The DCO doesn’t work on weekends so you can’t apply for permits to enter Israel. On Sunday morning we applied for a permit. In the evening they told me that my application had been denied on security grounds. They asked that my wife append a hospital medical report to the application. On Tuesday evening I received the medical report by fax, and we submitted it together with an application for a permit for my wife and two of our sons, aged 21 and 23. Because of the denial on security grounds I didn’t submit an application for myself. On Wednesday evening we received a permit, but it was only for my wife. She went to the hospital that evening. When she got there she called me and said that he was okay, that he was talking, eating, and drinking, but that his leg and hand were bandaged and he was still undergoing treatment. She also told me that the soldiers who had been guarding my son left after the court decided to release him on bail.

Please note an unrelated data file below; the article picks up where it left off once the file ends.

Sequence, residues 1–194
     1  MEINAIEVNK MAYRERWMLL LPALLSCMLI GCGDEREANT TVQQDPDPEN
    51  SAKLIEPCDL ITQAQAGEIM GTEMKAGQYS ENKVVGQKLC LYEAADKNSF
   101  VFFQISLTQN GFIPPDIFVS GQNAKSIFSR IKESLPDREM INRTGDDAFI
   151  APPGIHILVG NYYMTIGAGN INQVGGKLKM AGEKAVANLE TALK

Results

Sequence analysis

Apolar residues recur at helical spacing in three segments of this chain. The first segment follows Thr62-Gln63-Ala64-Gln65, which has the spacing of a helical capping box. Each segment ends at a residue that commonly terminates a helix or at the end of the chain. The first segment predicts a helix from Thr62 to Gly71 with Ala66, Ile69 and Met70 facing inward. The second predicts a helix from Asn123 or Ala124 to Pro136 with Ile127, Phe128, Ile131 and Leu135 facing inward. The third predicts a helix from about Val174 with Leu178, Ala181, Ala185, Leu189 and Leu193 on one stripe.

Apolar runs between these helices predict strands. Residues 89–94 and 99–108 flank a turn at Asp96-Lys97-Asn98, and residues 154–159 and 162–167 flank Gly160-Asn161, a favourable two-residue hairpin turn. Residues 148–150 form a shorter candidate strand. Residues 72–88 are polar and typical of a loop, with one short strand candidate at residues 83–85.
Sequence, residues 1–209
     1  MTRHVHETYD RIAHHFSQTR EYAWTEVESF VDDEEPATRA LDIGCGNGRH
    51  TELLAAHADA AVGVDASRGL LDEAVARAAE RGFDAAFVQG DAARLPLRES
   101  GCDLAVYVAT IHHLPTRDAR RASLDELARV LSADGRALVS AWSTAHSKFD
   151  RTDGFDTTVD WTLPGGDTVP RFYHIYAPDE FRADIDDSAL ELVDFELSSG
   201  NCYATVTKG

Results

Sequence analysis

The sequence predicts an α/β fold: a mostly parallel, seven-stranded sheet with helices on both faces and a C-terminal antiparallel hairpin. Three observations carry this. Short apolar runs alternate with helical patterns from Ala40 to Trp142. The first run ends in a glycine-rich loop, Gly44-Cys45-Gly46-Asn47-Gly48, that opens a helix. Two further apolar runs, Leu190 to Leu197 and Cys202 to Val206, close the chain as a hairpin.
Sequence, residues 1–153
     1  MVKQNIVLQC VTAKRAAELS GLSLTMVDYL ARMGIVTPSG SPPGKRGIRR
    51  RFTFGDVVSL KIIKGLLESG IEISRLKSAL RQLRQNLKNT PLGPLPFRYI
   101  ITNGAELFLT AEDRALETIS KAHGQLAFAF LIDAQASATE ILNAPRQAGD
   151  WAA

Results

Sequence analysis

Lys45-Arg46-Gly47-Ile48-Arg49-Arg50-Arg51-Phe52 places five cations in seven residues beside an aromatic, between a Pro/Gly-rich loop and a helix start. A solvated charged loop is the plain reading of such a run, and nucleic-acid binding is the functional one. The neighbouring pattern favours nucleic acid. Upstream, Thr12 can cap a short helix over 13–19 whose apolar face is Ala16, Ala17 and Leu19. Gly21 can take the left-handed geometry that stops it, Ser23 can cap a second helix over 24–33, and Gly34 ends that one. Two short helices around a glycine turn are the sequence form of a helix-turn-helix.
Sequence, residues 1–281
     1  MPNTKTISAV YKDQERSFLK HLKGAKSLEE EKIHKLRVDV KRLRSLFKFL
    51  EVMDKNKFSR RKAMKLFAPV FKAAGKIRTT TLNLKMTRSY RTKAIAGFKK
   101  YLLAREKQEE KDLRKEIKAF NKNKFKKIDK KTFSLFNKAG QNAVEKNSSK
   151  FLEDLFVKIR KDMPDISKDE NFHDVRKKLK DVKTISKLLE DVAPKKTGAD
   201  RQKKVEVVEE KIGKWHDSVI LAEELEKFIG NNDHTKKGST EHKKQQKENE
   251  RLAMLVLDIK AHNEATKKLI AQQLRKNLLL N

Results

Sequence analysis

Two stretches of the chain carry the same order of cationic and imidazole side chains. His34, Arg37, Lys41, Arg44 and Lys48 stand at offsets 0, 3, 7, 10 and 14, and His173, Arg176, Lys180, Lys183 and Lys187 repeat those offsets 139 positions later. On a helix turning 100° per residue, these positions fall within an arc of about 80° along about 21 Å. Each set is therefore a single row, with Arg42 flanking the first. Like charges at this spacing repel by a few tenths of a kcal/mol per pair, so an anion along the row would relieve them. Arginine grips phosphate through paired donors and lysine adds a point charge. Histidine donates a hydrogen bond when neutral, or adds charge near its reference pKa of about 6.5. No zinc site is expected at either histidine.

On one afternoon that week, while A.Z. was alone in his hospital room, a police investigator from Binyamin station came and interrogated him without the presence of his parents or another adult on his behalf. The investigator accused A.Z. of throwing Molotov cocktails and stones at the watchtower, and claimed that the soldiers had witnessed him doing so and that his actions had been captured on video. A.Z. denied the charges. After questioning him for about half an hour, the investigator made A.Z. sign the statement form, which was taken down in Hebrew, and took his picture.